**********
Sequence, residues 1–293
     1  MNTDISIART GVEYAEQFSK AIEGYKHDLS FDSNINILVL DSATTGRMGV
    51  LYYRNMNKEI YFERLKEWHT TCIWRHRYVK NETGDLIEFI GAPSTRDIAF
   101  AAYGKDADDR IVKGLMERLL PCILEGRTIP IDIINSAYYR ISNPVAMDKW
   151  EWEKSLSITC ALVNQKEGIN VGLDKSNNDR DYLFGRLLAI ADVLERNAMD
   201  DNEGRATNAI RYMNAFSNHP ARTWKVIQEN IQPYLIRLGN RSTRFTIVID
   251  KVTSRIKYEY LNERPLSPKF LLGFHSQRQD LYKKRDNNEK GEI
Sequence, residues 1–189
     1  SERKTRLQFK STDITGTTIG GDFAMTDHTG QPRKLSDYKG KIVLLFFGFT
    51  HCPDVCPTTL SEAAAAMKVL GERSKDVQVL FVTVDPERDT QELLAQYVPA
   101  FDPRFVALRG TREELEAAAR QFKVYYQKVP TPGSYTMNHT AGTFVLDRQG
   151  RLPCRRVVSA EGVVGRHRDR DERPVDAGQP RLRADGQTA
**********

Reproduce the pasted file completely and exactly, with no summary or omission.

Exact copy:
Sequence, residues 1–293
     1  MNTDISIART GVEYAEQFSK AIEGYKHDLS FDSNINILVL DSATTGRMGV
    51  LYYRNMNKEI YFERLKEWHT TCIWRHRYVK NETGDLIEFI GAPSTRDIAF
   101  AAYGKDADDR IVKGLMERLL PCILEGRTIP IDIINSAYYR ISNPVAMDKW
   151  EWEKSLSITC ALVNQKEGIN VGLDKSNNDR DYLFGRLLAI ADVLERNAMD
   201  DNEGRATNAI RYMNAFSNHP ARTWKVIQEN IQPYLIRLGN RSTRFTIVID
   251  KVTSRIKYEY LNERPLSPKF LLGFHSQRQD LYKKRDNNEK GEI
Sequence, residues 1–189
     1  SERKTRLQFK STDITGTTIG GDFAMTDHTG QPRKLSDYKG KIVLLFFGFT
    51  HCPDVCPTTL SEAAAAMKVL GERSKDVQVL FVTVDPERDT QELLAQYVPA
   101  FDPRFVALRG TREELEAAAR QFKVYYQKVP TPGSYTMNHT AGTFVLDRQG
   151  RLPCRRVVSA EGVVGRHRDR DERPVDAGQP RLRADGQTA